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Fall Fairy Girls Birthday Party (17 photos)


Fairies Making Fairy Gardens

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I am on a low budget (like really low), have a very tiny house, and also don't have any spare time. However, I love to throw parties, and especially special birthday parties for my kids. We played to our strong points: creativity, craftiness, a big yard, and a mild climate.

My daughter wanted a fairy party, but I didn't want to ignore that her birthday was taking place in the fall. So we compromised on an all-girl, fall fairy party, which would feature (what most 8-year-old girls love) craft-making. The colors were fuschia (and other shades of pink), orange, plum, and a little brown. I wanted to emphasize the nature aspect of fairies, so decorations and food centered on nature.


Invitations were just the party deets in a curly font printed out on color coordinated paper (including a directive to wear their fairy best) and glued to pretty, patterned, coordinated paper. Straightforward.


-"Fairy Hollow" signs on the mailbox, made to look like pink paint on wood.

-A curly branch hung with paper leaves, flowers, and butterflies on a sheet of moss, for the food table centerpiece. Little pink tags with the cutesy food names on each.

-Banners everywhere: paper banners with paper leaves, flowers, and butterflies on fuschia, wide ribbon; cloth banners with color coordinated pennants; a garland made of dried, flattened, and sealed leaves.

-A "fairy flag" stuck in our flag pole slot: a crooked stick hung with paper leaves and flowers and butterflies on thread.

-Fuschia crepe paper all around and hanging free from our favorite Japanese Maple, plus paper leaves, flowers, and butterflies.

-I already had a grapevine wreath, so I adorned it with tiny paper cutouts of butterflies, flowers and leaves, and also little swags of pearls I stole from the fairy garden supplies.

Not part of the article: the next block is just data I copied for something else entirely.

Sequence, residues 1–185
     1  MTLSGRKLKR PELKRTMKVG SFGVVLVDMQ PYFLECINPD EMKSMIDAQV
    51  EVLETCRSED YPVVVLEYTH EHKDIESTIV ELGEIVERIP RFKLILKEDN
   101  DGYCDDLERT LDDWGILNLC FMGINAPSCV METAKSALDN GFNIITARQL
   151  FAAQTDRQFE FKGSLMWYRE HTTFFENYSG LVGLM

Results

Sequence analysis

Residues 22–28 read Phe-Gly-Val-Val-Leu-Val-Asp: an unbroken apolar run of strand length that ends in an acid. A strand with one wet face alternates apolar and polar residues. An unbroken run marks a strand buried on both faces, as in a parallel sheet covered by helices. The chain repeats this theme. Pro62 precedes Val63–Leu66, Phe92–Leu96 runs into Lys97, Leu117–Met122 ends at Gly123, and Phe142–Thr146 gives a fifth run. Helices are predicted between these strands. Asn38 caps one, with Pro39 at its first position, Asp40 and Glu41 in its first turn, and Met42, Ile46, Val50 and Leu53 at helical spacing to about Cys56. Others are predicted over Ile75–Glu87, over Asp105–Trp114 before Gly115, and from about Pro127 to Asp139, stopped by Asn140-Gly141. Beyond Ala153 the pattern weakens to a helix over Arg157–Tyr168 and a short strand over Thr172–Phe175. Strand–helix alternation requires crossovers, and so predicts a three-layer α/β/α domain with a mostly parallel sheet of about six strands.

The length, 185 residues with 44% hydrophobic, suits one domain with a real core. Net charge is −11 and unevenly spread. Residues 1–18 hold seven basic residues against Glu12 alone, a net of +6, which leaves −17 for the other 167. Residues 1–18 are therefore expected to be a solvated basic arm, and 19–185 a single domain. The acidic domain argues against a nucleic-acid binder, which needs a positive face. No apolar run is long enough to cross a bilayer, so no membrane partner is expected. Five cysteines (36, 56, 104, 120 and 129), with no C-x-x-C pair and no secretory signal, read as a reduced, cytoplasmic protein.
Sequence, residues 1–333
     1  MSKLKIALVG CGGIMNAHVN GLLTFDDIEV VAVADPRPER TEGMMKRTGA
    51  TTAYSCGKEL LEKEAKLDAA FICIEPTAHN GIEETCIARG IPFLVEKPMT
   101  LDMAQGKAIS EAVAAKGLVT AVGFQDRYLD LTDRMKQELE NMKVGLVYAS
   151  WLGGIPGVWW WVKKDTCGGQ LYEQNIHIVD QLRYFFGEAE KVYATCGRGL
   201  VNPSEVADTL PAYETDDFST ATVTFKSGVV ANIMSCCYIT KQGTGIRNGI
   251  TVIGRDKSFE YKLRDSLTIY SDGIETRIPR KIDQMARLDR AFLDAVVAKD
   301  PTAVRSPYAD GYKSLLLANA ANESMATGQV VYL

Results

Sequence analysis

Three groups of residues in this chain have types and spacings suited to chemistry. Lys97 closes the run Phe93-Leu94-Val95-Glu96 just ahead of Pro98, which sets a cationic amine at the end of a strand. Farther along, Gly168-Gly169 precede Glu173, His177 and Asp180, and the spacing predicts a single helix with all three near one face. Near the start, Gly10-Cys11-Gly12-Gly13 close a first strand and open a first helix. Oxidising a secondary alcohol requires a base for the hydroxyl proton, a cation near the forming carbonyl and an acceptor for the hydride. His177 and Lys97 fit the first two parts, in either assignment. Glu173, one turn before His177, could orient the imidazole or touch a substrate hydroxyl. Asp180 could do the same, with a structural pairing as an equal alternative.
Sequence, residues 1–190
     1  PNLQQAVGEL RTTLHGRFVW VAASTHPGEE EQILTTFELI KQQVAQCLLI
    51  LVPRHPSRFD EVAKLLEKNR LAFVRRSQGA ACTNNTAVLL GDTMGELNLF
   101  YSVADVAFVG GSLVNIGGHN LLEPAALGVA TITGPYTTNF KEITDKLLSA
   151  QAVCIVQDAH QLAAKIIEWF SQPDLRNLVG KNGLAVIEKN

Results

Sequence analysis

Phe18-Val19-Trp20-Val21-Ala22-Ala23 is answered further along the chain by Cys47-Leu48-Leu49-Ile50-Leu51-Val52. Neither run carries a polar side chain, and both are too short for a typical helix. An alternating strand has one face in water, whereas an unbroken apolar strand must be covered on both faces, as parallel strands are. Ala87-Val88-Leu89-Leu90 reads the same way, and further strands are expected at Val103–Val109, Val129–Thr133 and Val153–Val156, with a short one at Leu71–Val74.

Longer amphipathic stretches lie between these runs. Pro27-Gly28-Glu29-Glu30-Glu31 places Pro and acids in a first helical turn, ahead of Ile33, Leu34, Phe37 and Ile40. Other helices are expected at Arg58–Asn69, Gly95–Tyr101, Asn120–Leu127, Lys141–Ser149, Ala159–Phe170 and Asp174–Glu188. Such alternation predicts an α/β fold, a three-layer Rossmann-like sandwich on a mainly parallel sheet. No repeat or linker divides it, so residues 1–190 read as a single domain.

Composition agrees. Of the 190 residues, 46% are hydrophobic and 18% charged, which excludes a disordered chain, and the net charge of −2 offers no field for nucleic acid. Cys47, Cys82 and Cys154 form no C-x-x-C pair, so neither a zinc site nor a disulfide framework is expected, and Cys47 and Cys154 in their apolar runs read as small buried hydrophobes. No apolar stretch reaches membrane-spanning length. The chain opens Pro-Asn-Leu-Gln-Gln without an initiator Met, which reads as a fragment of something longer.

Of course, all the little girls came in fairy costumes of sorts, including my eight-year-old, who went with a “rock star fairy” theme. I had wings, a wand, and a tee shirt which read “fairy godmother.”


-Fairy punch. (Basically shirley temple with watermelon juice and floated with frozen raspberries).

-Cream cheese and berry all fruit tea sandwiches.

-Peanut butter, chocolate, and pretzel acorns. (Basically a buckeye, but see Martha Stewart for a great recipe.)

-Tomato and egg taodstools. (Recipes all over the internet.)

-Edible necklaces. (A bowl of colorful cereal with holes in the middle (we use all-natural), natural pink/purle yarn cut into proper lenghts, and non-sharp needles. Make your own.)

-Fruit wands. (Seasonal fruit threaded on to skewers. I served it with a honey yogurt dip, but tge girls didn't even try it.)

Everything was served on pink paper products I got from the dollar store.


I served a homemade citrus genoise with a whipped buttercream, but if I could do it again I would go with a lighter cake (like angel food) and a stabilized whipped cream. The many layers inside the cake were dyed to look like a rainbow when cut open. (No pics, sorry.) The pink pearls and edible glitter was chosen by my daughter. Simple.

My daughter insisted on a most un-fall ice cream, which would be strawberry. It was nice and chunky and very pretty in pink. Cinnamon would have been my choice.


All the faries searched high and low through the back yard for glittery treasure (which all faries like, and was really just shapes cut from glitter foam). The winner received a fairy paper doll book wrapped by my daughter.


-The center of the party was a making of the fairy gardens. We took pie tins from the dollar store with straight sides, glued on wide ribbon and lines with floral foam. The girls had a wide selection of moss to top, and then all sorts of little things we collected from craft stores and the outdoors.

-We also made pixie dust neclaces. I bought a bunch of hollow vial necklaces from the craft supply and the girls chose a length of ribbon in the color of their choice and then filled their vial with a little funnel and a variety of glitter.


As they were leaving, each girl was offered a paper flower and a few pixie sticks from the vases by the front door. We made the paper flowers with pretty cardstock (double-sided) attatched to a chopstick with camoflage duct tape, which we wrapped all the way down. My daughter also glued a puff ball into each flower's center.

Durham, North Carolina
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